New Delhi (PTI): To ensure that prices of pulses do not flare up any further, central security agencies including Intelligence Bureau and Directorate of Revenue Intelligence have been asked to keep a close watch on tur, urad and gram traders to check speculation and hoarding.
Pulses prices have been under pressure since last year due to production fall in the wake of unfavourable weather. For instance, retail tur prices had shot up to Rs 200/kg in most places, which after series of government steps have now cooled down to Rs 160/kg though still costlier for common man.
Despite several steps, pulses prices are expected to remain firm this year as well due to production concerns because of drought for the second straight year.
In this backdrop, sources said, a meeting of central security agencies — IB, DRI, Income Tax Department, Directorate General of Foreign Trade (DGFT) and Delhi Police — was recently called by the Consumer Affairs Ministry to discuss further actions to curb “satta operators” in pulses trading and keep prices under control.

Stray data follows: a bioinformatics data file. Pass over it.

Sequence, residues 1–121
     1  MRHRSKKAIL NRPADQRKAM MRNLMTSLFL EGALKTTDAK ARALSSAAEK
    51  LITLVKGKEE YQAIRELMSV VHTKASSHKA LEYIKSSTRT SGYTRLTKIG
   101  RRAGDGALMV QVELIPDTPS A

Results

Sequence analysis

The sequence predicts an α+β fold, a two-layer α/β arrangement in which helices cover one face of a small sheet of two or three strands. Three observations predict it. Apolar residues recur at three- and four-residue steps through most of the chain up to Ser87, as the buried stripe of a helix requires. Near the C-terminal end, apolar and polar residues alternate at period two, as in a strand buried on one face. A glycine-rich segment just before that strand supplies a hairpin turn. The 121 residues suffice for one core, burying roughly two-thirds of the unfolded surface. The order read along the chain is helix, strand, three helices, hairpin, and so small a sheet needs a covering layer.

“In the meeting, the enforcement agencies were asked to concentrate on tur and urad traders in the coming days. They have been informed to take stringent action against “satta operators” in these commodities,” the sources said.
Since the harvesting of winter-sown gram dal will begin shortly, the agencies have been asked to keep a close watch on trading of this particular dal, the sources said.
In order to check hoarding of imported dals, the customs department has been asked to collect port-wise details of imported stocks and see if imported pulses are being kept at ports beyond a reasonable period, they added.
In the meeting, it was also informed that the recent income tax raids conducted in several cities on masoor dal traders helped cool down prices to a large extent.
Retail masoor dal prices have now declined below Rs 80 per kg from Rs 120 per kg level in last three-four months, as per the government data.
According to sources, the enforcement agencies have decided to meet on a regular basis and will also take views of the state officials in the meeting through video conference for effective actions against speculators.
Besides keeping curb on speculators, the government is increasing availability of pulses in the domestic market through imports. It is also building a buffer stock.
Pulses output had declined by 2 million tonnes to Rs 17.38 million tonnes in 2014-15 crop year (July-June). In the current year, pulses output from the kharif (summer) season is estimated to be slightly lower at 5.56 million tonnes. Rabi (winter) pulses are yet to be harvested.
India imports 4-5 million tonnes of pulses annually as domestic demand is about 22-23 million tonnes.